And the well-deserved rest came, but we'll be back with you on August 17th.

The Supreme Court has set 30 September as the date to rule on the appeals already admitted for processing on the mortgages referred to the IRPH, after the EU Court of Justice ruled in March that it is the Spanish courts that should decide.

The Las Palmas Court has notified the first two known judgments declaring abusive mortgage expenses derived from contracts with null clauses. The court confirms that the bank cannot charge the client with notary fees, appraisal fees, registrar's fees, as well as the controversial opening fee; it only has to pay the Tax on Property Transfers and Documented Legal Acts.

The Court of Justice of the European Union (ECJ) has ruled against the banks and established that costs declared to be abusive and unduly charged to customers must be refunded, unless national law provides otherwise. Thus, with the exception of the Stamp Duty, the banks must refund the expenses derived from clauses that were declared abusive at the time.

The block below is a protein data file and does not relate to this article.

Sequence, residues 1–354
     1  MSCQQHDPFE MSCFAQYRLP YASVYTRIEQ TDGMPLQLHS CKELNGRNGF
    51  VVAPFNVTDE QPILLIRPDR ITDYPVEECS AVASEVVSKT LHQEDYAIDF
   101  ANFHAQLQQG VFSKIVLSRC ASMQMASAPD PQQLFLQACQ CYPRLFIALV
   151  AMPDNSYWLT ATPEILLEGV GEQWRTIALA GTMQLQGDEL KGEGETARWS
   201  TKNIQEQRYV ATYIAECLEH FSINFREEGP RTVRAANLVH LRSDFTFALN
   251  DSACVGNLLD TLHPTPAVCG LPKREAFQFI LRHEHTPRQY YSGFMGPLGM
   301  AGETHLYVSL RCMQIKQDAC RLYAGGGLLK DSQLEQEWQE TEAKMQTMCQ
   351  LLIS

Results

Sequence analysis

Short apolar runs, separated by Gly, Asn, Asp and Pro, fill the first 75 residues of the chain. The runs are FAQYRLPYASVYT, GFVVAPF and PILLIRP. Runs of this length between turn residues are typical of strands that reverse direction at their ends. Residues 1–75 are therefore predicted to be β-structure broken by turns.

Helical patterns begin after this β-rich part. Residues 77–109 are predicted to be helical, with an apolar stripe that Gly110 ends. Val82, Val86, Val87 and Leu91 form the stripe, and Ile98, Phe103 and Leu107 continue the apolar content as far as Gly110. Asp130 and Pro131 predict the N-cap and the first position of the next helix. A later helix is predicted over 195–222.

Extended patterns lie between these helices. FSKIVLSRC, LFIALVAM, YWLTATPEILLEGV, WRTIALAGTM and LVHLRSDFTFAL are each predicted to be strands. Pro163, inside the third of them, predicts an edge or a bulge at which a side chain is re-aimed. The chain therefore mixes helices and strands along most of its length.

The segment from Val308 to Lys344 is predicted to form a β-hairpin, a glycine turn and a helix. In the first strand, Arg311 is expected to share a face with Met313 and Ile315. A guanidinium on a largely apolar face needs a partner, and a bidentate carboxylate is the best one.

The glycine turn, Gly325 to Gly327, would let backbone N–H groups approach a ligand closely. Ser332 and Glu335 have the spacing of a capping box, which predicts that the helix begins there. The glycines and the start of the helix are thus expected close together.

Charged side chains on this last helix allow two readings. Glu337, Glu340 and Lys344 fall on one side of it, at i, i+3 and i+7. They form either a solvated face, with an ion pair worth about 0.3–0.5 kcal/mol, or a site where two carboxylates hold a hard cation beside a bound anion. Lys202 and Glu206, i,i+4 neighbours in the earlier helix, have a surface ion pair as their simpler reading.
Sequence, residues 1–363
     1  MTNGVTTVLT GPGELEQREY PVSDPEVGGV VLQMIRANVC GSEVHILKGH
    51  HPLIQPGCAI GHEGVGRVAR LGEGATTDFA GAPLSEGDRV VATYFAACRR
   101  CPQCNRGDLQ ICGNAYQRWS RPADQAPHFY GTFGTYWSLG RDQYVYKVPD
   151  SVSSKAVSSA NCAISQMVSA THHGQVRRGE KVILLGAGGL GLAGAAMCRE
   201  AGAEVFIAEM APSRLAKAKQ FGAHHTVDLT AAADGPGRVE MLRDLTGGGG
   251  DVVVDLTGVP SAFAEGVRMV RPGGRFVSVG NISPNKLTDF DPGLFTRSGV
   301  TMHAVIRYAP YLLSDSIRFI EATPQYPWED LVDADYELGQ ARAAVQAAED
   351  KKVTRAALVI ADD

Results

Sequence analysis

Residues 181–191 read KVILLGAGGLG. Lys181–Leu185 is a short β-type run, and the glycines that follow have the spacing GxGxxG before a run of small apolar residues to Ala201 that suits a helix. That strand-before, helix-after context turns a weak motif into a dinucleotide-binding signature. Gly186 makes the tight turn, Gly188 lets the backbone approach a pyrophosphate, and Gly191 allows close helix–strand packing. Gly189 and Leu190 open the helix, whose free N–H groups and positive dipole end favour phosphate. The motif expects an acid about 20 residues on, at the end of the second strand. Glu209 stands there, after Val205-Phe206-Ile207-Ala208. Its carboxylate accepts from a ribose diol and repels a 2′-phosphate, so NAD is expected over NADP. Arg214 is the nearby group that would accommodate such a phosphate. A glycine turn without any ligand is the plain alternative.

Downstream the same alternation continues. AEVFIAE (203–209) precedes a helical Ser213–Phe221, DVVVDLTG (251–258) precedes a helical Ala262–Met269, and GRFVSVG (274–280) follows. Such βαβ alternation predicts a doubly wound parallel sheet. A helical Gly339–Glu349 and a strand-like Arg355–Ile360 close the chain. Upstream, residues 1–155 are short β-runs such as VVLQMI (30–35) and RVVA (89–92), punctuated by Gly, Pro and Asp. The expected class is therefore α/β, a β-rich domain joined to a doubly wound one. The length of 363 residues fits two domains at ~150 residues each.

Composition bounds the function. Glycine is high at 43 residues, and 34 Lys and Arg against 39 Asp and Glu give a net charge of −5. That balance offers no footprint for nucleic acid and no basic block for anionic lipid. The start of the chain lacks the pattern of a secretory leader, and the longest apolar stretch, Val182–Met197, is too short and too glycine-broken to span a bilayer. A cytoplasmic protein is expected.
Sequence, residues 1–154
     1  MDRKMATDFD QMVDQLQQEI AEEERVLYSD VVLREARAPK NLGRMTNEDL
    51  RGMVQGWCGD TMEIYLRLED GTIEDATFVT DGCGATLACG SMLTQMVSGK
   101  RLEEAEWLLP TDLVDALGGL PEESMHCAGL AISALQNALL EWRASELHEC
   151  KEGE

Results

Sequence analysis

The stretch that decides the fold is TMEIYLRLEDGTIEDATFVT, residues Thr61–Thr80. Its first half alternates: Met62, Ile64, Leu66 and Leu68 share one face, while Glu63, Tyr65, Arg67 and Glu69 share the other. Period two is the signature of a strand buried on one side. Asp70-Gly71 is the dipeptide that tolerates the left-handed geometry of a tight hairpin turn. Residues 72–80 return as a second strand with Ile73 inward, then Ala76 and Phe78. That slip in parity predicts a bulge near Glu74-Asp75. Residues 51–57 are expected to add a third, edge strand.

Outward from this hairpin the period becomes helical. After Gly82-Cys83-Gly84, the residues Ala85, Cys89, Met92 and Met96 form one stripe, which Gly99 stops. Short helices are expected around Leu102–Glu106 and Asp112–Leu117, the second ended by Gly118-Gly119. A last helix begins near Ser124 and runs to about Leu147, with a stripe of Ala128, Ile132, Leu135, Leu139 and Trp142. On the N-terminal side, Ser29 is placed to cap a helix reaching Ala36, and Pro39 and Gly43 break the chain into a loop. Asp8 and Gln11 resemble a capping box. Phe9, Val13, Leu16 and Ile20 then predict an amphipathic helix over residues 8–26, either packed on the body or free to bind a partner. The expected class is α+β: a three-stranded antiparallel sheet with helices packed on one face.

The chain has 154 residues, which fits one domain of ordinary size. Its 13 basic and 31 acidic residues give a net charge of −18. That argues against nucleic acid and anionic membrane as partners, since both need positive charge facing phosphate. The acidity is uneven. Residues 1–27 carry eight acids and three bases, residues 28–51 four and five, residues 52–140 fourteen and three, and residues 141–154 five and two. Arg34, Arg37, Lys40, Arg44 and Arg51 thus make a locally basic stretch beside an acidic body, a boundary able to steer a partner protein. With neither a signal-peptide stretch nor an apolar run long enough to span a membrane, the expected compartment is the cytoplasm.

The defendant was sentenced in the first instance to pay the late payment surcharge only from the date he acquired the property, but not for the surcharges prior to its acquisition. The Castellón Provincial Court confirmed the application of this time limit.

According to the accounting of IRPH rulings that Asufin is publishing on its website, since the European Court of Justice (TJUE) ruled on IRPH, there have been 28 court decisions in favor of those affected and only 16 that favored the interests of the banks.